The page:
For decades now the church has emphasized the love of God in an effort to be seeker friendly and it has largely avoided reference to wrath, judgment and hell. Of course, if none of these are to be considered, then why do we need atonement? They don’t go so far as to say that we don’t need forgiveness, but God can forgive without requiring a human sacrifice, they claim. I happen to agree with them and this may be a surprise to some. I believe God can do as he pleases.

I think God can indeed forgive without a sacrifice. But I believe he chose to sacrifice his son and he had his reasons. For those who don’t believe this, you will have to do your own study, as I did.

The atonement causes the entire Bible to make sense. In fact, for me it causes life to make sense. My faith informs my life and gives it meaning. The atonement means there is justice.

The atonement means there is justice. There is judgement. There is just reward. And there is mercy and grace and forgiveness and newness of life. The old dies and the new is resurrected to life in Christ. Christian baptism is a symbol of this experience.

I don’t claim to fully understand how God became man in the form of his Son. Or how the Son of God could die. How he was able to descend to the depths to preach deliverance to the captives. How he was resurrected. But I know his forgiveness and his power in my life. I have his abiding peace and joy. I experience his indwelling presence. And today I declare, He Is Risen! He is Risen Indeed!

 

 

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Why Does Jesus Need to Protect Us?

This question has been on my mind for a few days since I read John 17:12. In this passage Jesus is nearing the end of his ministry and life on earth and is offering a prayer to God for his followers. He prays, “While I was with them, I protected them and kept them safe….None has been lost except the one [Judas who would betray him].” NIV

Jesus goes on to pray, “My prayer is not that you take them out of the world but that you protect them from the evil one. They are not of the world, even as I am not of it. Sanctify them by the truth; your word is truth” John 17:15-17.

In all my reading it never occurred to me that during his ministry Jesus had an obligation to protect his disciples. But I began to think about what it might have been like for twelve men to follow Jesus for three years as he went from place to place teaching and healing people. Where did they sleep? How often did they go home? They gave up their jobs, it appears, at least that’s what we read about the fishermen. Certain women ministered to them out of their resources. Isn’t that interesting? The women are supporting the men in ministry. I’ve never heard a sermon on that one.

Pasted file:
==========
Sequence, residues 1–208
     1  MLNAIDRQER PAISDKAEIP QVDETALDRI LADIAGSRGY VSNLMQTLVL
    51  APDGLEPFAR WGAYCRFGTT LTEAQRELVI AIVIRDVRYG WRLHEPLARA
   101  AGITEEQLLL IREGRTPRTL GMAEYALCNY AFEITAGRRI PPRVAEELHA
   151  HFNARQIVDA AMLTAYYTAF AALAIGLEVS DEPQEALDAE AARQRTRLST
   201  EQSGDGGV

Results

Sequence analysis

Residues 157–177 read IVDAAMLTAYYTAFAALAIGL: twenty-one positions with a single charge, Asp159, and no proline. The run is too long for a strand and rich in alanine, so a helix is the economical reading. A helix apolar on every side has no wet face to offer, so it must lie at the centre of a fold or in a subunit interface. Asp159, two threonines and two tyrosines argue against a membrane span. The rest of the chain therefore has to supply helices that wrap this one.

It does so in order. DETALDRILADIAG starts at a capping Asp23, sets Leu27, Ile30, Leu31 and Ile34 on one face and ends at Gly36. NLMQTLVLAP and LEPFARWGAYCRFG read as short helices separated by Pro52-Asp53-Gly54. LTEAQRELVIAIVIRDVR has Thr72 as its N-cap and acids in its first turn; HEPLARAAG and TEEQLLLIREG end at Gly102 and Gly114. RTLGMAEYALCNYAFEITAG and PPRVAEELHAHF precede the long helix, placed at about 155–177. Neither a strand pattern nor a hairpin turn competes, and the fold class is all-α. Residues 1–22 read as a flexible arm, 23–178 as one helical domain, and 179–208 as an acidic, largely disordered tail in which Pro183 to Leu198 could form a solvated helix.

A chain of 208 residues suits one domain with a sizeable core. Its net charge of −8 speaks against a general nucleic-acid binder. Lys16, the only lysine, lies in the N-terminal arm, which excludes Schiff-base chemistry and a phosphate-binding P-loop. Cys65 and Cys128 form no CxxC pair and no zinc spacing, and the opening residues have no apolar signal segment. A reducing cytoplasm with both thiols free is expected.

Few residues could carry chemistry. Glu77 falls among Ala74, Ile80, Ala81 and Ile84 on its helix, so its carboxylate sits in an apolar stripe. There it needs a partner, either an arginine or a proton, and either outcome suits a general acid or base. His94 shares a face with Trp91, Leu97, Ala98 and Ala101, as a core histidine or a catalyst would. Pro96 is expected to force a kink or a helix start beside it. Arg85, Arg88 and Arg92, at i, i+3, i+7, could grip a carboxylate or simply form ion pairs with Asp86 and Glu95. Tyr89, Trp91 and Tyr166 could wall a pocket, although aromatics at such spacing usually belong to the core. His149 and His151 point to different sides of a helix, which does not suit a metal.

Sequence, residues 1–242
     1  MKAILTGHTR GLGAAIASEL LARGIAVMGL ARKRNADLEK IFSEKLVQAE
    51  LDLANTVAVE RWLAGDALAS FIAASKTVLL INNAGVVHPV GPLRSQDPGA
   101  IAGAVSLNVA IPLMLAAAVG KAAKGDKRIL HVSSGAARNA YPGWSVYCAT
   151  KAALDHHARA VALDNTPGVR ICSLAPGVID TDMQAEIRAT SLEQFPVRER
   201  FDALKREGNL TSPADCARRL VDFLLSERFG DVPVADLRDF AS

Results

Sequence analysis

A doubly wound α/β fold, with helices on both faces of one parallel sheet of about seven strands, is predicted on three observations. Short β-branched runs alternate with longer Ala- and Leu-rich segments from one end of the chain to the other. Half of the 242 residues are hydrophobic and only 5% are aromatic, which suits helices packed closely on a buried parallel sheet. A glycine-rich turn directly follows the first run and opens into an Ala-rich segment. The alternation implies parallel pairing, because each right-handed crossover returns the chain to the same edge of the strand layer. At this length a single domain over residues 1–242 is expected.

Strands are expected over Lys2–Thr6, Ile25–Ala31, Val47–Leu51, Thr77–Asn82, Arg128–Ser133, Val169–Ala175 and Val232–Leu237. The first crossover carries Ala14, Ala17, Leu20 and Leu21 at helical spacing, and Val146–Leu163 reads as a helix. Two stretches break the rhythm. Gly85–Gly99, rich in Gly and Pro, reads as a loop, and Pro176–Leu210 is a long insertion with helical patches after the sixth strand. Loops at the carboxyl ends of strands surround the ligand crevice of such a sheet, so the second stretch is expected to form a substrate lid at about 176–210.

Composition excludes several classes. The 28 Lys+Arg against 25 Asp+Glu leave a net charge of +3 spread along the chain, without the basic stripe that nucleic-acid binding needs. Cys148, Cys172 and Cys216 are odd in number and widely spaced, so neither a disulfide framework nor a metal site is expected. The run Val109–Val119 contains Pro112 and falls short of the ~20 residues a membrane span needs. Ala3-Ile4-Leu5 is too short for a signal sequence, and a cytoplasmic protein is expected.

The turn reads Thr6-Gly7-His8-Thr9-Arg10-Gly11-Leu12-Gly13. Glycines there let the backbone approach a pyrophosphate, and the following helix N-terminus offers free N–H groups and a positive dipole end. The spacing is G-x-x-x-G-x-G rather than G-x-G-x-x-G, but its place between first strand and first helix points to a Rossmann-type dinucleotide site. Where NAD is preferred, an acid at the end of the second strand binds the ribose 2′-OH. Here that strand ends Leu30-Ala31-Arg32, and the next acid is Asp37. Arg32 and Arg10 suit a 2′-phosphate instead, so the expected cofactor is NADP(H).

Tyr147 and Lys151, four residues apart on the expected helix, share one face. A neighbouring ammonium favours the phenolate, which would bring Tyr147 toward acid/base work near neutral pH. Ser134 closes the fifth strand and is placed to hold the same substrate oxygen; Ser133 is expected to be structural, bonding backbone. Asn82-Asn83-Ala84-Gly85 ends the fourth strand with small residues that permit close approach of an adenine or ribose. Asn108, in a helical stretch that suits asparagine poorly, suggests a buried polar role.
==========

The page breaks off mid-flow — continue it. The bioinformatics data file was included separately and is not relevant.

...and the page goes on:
But today as I was reading in Ezra I gained a little more clarity. I love how one part of the Bible can shed light on another.

The exiled Hebrews are rebuilding the temple and encountering some severe opposition. This tends to happen when we do the work of the kingdom of God and it could have something to do with not being “of the world.” Look what happens, “Then the peoples around them set out to discourage the people of Judah and make them afraid to go on building. They hired counsellors to work against them and frustrate their plans during the entire reign of Cyrus king of Persia and down to the reign of Darius king of Persia” Ezra 4:4-5.

Notice that in Jesus’ prayer he prayed for protection from the “evil one.” Here we see what the evil one is up to. When we want to do something for God and for the good of others then we encounter forces that try to discourage us and make us afraid. People will even go as far as to hire opposition to work against a good cause and to frustrate it. Have you seen this happen? I have.

We might as well not be ignorant of the fact that we have adversaries who are not exactly supportive of what Jesus and his followers are doing. It is comforting to know that Jesus recognizes this opposition and sees the need to pray for us and protect us.

I want to add one more thing. Part of the reason that the Hebrews succeeded in building the temple is because they knew that what they were doing was what God wanted them to do and they refused to align themselves with the enemy. Earlier their enemies had asked if they could join them in building. (With what intentions, we might ask?) The Hebrews refused their offer. They saw they were not of the same mind and purpose.

I think we have a clue here as to how we overcome our adversary. We recognize that we are different and not of this world. Jesus calls this process sanctification. When he prayed for the protection of his followers, he also prayed, “Sanctify them by the truth.” It is the truth that dispels lies that can cause fear and discouragement. It is the truth that will align us with God’s purposes and enable us to succeed in that which we set out to do, the things to which God has called us.